The New New World Order edit
The world has finally entered the real post-Cold War era. With Russia’s military intervention in Georgia, we are embarking on a new era in international relations. This will be neither a return to the Cold War (as various US spokespersons appear to want the world to believe), nor a return to classic 19th-century balance of power politics (as some Russians might hope). By demonstrating that Moscow, too, has “red lines”, the Georgian conflict has exploded the myth of the uni-polar world.
What we are seeing is the emergence of an unprecedented form of multi-polarity in which the international scene will be structured by an ever smaller number of ever larger units. Some will be classic nation states such as China and India; others will be regional regimes such as the European Union, the African Union and ASEAN. But the agenda will be dominated by economics, trade, development, resources, and the environment. War between any of the major actors is scarcely an option. Complex multilateralism is the new name of the game.
We have already seen two versions of the “new world order” since 1989. Both were rendered artificial by the aberrant and unexpected implosion of the Soviet Union and the protracted re-emergence of Russia as a serious actor. Both versions featured twin illusions. The first, typified by the Clinton years, showcased the illusion of liberalism and the illusion of interventionism. The second, typified by the Bush years, projected the illusion of democracy-promotion and the illusion of pre-emption. These two artificial versions of the post-Cold War order were facilitated by the relative absence from the scene of Russia.
Russia is now back, and the world will have to adjust. New balances will have to be struck, not just between “the West” and Russia, but equally importantly between Russia and the powers comprising her vast neighbourhood.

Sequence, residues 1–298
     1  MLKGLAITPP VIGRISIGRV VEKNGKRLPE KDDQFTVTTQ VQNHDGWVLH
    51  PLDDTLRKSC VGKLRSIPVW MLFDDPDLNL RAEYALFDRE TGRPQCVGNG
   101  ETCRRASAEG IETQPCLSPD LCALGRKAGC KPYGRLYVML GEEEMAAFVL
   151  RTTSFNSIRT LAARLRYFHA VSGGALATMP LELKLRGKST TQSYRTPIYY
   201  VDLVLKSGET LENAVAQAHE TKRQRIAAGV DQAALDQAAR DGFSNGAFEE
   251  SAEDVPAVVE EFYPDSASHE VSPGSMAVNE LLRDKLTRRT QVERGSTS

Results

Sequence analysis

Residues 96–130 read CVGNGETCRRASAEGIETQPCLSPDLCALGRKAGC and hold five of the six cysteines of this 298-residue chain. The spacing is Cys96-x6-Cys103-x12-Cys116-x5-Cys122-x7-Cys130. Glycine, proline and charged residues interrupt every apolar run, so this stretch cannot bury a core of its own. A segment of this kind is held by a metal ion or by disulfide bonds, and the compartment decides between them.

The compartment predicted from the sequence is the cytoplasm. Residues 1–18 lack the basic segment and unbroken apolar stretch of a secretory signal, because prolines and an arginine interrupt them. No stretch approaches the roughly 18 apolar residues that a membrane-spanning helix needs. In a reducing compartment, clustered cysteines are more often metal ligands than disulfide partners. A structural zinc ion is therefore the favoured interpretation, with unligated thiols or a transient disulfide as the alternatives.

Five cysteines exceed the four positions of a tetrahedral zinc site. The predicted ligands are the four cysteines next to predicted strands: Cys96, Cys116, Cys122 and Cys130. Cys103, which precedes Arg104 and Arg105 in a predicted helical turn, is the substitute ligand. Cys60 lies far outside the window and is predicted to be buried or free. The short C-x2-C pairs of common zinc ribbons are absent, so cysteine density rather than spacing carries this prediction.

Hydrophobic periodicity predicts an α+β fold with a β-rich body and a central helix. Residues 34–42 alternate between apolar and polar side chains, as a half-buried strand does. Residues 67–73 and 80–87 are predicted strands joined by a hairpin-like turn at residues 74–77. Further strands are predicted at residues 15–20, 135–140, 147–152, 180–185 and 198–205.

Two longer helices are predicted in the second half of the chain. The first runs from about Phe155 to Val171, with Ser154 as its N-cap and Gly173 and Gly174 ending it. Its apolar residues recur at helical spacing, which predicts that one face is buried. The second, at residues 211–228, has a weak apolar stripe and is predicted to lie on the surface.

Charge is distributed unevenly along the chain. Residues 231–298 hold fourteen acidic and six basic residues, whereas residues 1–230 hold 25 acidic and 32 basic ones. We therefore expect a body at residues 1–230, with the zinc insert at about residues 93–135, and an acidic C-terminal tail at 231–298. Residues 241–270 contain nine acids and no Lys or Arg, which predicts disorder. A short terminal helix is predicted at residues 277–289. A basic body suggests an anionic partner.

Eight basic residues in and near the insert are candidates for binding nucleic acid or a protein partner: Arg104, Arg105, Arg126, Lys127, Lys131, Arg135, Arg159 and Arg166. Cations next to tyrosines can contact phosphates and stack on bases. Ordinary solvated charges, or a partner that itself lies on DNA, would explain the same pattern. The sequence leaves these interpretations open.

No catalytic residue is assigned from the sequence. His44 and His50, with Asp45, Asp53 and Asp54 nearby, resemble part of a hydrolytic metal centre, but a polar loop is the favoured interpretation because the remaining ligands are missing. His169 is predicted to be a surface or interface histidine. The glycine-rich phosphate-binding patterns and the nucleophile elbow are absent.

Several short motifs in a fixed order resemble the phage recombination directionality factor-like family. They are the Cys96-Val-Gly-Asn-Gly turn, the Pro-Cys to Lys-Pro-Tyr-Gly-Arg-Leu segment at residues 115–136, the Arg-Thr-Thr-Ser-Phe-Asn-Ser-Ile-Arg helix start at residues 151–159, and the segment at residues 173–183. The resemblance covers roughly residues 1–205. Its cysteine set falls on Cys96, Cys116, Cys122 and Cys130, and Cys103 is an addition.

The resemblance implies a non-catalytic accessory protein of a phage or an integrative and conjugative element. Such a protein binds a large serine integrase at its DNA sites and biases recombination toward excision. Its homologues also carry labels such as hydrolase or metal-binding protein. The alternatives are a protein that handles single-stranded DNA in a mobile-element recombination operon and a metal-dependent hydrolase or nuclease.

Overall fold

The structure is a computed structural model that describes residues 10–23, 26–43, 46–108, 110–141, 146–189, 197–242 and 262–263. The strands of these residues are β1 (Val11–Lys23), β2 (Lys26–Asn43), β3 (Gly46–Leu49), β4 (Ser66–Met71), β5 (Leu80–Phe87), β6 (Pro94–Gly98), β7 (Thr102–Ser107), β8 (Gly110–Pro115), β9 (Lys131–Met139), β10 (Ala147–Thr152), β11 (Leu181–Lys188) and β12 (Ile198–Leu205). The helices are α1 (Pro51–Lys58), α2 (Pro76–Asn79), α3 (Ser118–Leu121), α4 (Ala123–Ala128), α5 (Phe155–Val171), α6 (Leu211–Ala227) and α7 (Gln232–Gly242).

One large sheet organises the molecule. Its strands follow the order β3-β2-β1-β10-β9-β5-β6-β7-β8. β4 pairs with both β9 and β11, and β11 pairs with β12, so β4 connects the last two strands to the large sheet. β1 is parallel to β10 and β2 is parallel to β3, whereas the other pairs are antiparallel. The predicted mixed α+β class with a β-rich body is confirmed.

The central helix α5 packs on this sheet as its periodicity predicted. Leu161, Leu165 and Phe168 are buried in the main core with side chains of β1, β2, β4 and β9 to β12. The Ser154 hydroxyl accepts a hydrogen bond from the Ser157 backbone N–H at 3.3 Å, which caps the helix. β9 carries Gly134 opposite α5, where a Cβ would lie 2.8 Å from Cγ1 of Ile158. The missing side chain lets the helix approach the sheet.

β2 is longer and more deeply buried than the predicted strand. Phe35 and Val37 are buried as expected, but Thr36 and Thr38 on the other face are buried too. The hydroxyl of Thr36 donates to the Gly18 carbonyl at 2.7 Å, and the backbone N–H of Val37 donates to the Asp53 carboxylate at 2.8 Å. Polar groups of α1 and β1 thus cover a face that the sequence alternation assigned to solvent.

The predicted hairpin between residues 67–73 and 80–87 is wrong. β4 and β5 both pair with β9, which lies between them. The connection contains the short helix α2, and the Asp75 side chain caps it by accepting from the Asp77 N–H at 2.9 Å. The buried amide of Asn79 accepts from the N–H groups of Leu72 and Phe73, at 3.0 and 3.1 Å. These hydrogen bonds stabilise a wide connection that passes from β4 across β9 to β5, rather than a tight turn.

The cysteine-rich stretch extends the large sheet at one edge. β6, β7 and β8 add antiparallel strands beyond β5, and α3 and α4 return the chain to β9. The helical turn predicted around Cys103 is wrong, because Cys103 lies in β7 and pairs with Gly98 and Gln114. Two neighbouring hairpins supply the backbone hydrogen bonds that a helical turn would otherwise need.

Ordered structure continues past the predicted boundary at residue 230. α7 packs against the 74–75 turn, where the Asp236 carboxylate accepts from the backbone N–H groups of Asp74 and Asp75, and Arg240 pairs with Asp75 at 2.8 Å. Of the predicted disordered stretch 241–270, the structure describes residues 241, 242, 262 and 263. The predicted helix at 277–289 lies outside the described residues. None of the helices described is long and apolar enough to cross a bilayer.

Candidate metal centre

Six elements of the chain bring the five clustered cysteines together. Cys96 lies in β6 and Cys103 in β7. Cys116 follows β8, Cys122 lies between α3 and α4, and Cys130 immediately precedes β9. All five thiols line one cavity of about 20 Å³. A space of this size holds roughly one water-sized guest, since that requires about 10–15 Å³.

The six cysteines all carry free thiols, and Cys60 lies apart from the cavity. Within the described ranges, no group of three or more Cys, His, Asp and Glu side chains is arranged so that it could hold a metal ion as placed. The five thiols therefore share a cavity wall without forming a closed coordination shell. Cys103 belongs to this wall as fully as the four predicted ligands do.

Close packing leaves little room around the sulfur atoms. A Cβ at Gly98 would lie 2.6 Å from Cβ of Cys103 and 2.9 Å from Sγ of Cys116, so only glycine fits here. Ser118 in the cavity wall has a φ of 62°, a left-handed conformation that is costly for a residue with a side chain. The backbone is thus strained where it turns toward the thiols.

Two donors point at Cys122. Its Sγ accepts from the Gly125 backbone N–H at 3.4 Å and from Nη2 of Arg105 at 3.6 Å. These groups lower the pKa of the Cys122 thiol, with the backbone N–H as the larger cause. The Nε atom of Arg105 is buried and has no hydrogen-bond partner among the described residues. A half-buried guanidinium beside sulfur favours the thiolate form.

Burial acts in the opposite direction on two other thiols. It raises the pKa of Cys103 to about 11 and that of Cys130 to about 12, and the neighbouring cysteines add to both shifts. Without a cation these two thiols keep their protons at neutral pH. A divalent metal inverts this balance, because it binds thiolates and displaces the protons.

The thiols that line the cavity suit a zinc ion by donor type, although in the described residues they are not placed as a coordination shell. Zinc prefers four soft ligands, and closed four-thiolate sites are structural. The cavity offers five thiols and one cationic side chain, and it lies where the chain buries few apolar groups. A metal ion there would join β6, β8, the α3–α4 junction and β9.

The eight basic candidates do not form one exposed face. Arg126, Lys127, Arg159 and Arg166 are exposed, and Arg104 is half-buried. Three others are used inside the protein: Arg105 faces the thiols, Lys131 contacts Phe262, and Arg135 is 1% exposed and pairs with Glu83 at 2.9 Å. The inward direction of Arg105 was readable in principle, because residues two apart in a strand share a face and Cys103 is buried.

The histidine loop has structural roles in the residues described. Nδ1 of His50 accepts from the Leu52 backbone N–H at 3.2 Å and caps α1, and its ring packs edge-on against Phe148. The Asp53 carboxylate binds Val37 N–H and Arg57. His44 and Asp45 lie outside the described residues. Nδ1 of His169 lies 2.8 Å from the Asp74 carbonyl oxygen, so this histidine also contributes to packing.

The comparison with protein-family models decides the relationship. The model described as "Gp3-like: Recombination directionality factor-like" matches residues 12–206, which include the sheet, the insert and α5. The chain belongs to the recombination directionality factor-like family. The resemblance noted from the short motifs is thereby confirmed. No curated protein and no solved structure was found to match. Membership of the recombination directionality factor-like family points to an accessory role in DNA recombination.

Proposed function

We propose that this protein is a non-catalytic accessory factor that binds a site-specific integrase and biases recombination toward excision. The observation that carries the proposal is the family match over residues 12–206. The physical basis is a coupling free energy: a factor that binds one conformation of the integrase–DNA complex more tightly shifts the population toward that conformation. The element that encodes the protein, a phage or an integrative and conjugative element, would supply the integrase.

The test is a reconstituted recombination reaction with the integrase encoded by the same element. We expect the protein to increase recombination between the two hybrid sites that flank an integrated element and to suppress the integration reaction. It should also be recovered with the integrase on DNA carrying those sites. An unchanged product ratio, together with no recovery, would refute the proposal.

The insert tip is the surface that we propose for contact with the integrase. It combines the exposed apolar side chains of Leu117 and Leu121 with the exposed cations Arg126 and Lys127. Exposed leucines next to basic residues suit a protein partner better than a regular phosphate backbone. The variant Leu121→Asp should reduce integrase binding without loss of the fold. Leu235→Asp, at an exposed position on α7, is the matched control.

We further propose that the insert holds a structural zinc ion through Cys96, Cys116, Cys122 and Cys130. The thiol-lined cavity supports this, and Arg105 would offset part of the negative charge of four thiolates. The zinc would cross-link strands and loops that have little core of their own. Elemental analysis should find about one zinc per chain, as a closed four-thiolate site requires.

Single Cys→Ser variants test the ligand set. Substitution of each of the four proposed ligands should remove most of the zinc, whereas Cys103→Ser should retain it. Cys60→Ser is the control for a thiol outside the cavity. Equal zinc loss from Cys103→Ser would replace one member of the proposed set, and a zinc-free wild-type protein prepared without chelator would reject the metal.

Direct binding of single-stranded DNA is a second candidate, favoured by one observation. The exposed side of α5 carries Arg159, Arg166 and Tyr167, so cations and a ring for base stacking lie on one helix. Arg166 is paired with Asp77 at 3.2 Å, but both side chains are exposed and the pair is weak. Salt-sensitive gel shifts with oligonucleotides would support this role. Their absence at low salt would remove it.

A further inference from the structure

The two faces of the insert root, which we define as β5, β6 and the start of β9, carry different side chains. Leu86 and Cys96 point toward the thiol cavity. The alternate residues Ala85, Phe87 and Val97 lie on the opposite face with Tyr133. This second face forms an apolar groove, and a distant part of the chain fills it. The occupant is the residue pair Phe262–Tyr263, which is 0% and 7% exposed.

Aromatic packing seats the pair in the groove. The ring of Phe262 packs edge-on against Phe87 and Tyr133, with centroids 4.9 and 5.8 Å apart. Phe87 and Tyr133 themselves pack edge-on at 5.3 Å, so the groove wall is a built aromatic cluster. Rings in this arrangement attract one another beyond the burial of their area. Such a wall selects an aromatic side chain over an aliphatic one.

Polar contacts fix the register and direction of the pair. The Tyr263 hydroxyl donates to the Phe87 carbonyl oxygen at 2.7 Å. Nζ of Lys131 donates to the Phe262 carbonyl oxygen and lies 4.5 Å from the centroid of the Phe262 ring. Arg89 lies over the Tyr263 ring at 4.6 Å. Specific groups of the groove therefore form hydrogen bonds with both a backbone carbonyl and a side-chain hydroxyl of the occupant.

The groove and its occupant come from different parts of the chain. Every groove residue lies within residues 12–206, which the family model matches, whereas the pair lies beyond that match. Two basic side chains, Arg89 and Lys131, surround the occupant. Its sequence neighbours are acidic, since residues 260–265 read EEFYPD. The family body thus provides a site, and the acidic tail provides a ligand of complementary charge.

Russia’s overt desire to re-establish hegemonic control over its “near abroad” – including strategic oil reserves – will require, not only of the EU and the US, but also of the other poles, sensitive and creative diplomatic engagement. Talk of “punishing” Moscow is as irrelevant as it is unhelpful. What is required is careful thought as to how the world, through a new and complex form of multilateralism, can bargain its way towards a more balanced and secure global future.
The West and Russia need to cooperate in three major strategic areas: counter-proliferation; counter-terrorism; and energy security. But the interests of the US and of the EU are by no means identical. Geography (as during the Cold War) makes a big difference. That said, it is vital that unity of discourse, both between Washington and Brussels, and between the EU member states, remain as solid as possible. For this reason alone, it is time to switch off the megaphone and to engage with Russia in discreet, realistic and imaginative ways. The EU troika’s visit to Moscow next week should focus on issues where convergence of interests is clear: regional stability, confidence-building, commercial and economic interdependence, Iran. Discussion and negotiation are more important than ever.
NATO will have to face up to the unpleasant consequences of the Saakashvili gamble. Georgian (and Ukrainian) membership of the Alliance now seem out of the question. That poses (yet again) the existential question: what is NATO? What are its political objectives and what are its operational realities? For the moment, NATO is in Afghanistan, but there is no political agreement internally as to precisely what it should be doing in Afghanistan. Beyond that, there is even less agreement about the long-term. This is an unpleasant reality which the new US president and the leaders of the EU can no longer avoid by dashing headlong into continued expansion. The Alliance will need to re-define itself yet again – but this time in the context of Georgia’s (disingenuous or simply unbelievable?) sense of “abandonment”.
Military confrontation between Russia and “the West” is unthinkable. War between the major emerging poles is on the way out, not on the way back. None would stand to gain anything by military conflict. Alas, this does not mean that small powers in the geographical proximity of one or other of the poles will be able to behave recklessly. Georgia has starkly illustrated that cold reality.
The ripple effect of the Georgian war will continue to be felt for several decades as the “real” post-Cold War era develops. Tensions, misunderstandings and further tactical – and even strategic – blunders are inevitable. But perhaps the one positive outcome of this Caucasian turning point will be that statesmen will have to deal with the world as it is rather than with the world they had created in their imagination.